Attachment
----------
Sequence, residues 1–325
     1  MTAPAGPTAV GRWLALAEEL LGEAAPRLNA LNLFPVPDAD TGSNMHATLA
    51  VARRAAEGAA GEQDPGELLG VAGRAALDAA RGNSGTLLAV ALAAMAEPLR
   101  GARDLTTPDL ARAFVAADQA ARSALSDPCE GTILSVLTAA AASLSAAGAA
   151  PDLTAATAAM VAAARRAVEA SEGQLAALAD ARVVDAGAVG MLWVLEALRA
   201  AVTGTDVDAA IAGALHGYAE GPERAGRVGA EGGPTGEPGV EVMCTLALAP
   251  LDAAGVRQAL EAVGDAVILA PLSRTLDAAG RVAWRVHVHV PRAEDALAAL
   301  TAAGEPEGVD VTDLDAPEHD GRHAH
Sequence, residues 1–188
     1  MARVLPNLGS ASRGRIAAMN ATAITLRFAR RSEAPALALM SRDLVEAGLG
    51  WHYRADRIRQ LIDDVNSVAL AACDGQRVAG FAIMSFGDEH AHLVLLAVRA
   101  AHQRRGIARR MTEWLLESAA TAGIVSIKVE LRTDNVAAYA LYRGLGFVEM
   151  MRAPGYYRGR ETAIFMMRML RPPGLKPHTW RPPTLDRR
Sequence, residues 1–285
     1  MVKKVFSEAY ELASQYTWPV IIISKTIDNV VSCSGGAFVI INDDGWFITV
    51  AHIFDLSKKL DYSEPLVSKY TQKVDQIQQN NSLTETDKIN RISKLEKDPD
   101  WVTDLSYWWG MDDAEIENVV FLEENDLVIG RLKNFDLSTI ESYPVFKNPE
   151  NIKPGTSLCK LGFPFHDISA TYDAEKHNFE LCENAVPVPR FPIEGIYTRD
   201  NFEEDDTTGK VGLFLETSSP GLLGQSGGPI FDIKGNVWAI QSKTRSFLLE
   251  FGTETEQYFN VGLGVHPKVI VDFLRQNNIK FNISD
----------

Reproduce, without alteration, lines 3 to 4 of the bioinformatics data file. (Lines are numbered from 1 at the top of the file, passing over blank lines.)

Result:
    51  VARRAAEGAA GEQDPGELLG VAGRAALDAA RGNSGTLLAV ALAAMAEPLR
   101  GARDLTTPDL ARAFVAADQA ARSALSDPCE GTILSVLTAA AASLSAAGAA